Chrysler Dealers: Life is Good

Frank Williams
by Frank Williams

Even as Chrysler talks of cutting models, closing dealerships and ramming through a new contract with the United Auto Workers, their dealers claim they're hopeful about their future. This according to USA Today, whose reporter attended a no-holds-barred meeting in Las Vegas earlier this month between 75 percent of Chrysler's dealers and the automaker's top brass. Specifically, Chrysler CEO Robert Nardelli and Toyota renegades VP Jim Press and Marketing Maven Deborah Wahl Meyer (Tom LaSorda must have been busy with union negotiations) held an open mic Q&A session with the front line troops. Dealers says they came away feeling that, for the first time in years, someone at headquarters is listening to them. Chrysler's dealer council member John Schenden was ecstatic. "As a dealer body, we are more optimistic than we've been in the last 20 years." Reflecting his newfound confidence, Schenden recently bought land to expand his dealership. I guess he hasn't seen TTAC's TWAT nominations yet.

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  • Steven Lang Steven Lang on Oct 22, 2007

    I saw the new Grand Caravan after the Carmax auction today. It's a visually inoffensive vehicle with some VERY cheap plastics on the inside. Not a single part or panel effused a sense of luxury although the fit and finish was actually pretty well done. It was almost as if they decided to delegate all their chosen material components to one supplier... Rubbermaid. I think Chrysler missed the boat by not having a short wheelbase version of the Caravan. Most of the cheapies for the last 15 years were Caravan models and they actually were the leaders of this market since it's inception. The materials used for the current Grand Caravan are far better suited towards those lower end models. Few folks in their right mind will now be taking the GC over the Sienna or Odyssey. The feeling of richness and luxury is simply not there and minivan owners demand plenty of it once you go north of 25k. It's almost as if Chrysler thinks that a 'tough' minivan will outsell a luxurious one. In suburban America, I just don't see that happening. Overall, I think Chrysler will have effectively reduced their ouput by at least 100k per annum by not having a short wheelbase option and not matching the material quality with Toyota or Honda.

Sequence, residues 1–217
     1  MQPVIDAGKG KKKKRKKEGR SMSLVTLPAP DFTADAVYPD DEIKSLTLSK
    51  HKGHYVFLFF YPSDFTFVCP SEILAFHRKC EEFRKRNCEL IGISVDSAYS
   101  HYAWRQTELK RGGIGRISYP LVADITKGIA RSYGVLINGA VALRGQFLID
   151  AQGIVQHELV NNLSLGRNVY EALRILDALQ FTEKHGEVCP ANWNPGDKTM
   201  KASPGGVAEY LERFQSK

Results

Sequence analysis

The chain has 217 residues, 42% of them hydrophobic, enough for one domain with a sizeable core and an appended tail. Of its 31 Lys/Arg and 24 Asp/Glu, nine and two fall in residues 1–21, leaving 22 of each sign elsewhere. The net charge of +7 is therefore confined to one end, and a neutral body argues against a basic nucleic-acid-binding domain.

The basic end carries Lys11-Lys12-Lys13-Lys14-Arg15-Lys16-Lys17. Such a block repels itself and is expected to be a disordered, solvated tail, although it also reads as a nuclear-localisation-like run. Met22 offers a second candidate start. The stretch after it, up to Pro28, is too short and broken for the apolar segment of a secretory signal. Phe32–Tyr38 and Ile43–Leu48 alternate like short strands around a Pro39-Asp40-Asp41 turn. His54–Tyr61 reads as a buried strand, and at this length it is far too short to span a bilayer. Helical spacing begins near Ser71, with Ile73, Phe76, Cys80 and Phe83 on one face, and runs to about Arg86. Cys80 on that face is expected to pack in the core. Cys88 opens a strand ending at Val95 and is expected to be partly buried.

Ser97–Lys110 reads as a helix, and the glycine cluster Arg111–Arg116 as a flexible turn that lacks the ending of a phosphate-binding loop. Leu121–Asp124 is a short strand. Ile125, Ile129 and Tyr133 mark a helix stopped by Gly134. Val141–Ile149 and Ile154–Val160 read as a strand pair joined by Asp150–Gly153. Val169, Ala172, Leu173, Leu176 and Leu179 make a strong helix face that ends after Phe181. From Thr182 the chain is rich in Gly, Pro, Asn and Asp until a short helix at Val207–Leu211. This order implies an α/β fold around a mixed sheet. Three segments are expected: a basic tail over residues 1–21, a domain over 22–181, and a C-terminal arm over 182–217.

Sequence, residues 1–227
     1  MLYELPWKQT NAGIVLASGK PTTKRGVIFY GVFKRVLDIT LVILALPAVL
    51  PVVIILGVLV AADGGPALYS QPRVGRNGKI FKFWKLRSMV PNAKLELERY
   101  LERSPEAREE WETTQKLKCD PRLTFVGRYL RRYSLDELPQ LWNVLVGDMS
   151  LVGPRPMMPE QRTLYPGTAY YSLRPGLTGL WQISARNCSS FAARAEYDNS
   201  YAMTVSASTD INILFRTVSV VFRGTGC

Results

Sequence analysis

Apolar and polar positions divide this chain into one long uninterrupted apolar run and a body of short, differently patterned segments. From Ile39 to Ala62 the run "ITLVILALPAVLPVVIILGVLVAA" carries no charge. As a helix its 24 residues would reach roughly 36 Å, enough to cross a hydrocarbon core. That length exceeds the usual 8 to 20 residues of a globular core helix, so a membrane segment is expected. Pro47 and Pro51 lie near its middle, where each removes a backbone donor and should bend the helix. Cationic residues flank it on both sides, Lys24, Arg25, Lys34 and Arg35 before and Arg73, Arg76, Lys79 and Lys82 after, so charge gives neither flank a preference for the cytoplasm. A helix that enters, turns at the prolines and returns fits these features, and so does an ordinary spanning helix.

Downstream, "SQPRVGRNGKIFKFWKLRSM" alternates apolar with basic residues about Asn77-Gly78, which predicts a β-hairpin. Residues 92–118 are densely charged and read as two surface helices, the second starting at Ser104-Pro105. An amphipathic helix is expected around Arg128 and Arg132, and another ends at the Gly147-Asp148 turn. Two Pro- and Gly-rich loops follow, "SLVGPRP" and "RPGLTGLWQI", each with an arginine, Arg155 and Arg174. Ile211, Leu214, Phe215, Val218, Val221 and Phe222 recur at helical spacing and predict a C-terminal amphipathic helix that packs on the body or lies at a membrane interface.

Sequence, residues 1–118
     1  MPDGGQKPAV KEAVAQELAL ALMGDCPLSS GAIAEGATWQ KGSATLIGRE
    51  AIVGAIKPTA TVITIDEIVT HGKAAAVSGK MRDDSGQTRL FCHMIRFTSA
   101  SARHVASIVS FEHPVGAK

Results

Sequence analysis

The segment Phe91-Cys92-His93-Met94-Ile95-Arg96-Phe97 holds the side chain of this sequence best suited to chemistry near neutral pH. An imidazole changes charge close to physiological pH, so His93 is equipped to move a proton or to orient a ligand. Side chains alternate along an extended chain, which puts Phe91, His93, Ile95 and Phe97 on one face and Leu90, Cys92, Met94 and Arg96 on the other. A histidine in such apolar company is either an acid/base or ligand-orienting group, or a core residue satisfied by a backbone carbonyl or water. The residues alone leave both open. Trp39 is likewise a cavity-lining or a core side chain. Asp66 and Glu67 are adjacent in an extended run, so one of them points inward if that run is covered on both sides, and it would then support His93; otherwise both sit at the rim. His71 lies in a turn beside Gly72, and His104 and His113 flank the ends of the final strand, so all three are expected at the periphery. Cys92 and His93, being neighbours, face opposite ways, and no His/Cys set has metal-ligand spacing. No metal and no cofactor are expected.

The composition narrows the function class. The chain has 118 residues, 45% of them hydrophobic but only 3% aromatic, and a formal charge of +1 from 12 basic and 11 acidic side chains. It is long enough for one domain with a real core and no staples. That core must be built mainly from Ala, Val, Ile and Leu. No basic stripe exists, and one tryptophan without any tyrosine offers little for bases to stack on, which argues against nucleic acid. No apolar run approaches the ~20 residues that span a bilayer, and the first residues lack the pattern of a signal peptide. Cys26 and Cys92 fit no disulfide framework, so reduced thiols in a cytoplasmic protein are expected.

• Kurt B Kurt B on Oct 22, 2007

    Life is Good? Does Cerberus also have a stake in LG? ;-) A coworker of mine just bought a Sebring andlikes the looks alot beter than the previous gen. I just HAD to ask her how she liked. Her response, "not bad..but it's got some problems..I think it has about five recalls on it". 'nuff said.

  • Zenith Zenith on Oct 23, 2007

    Steven Lang, I,too, think that Chrysler missed the boat by not having 4-cylinder and short-wheelbase versions of the new minivan. My first minivan was an '84 Voyager with an 84 hp 4 cylinder and a 5-speed stick. Despite its being just a few options up from bottom of the line, the interior had more of a "quality"look than the new ones'. I also hate the non-solid floors and the non-removable seats. I don't want to haul potentially leaky sand, cement mix or, pea gravel over upholstery and/or masonite doors with crappy, cheap hinges beneath which lies more upholstery. I don't want to put a washing machine, or car starter, or anything else heavy on a non-solid floor.

  • Blautens Blautens on Oct 23, 2007

    zenith - Maybe they'll offer solid floors and no seats for the cargo version they once sold to fleets. We still have a 1994 Caravan like that here.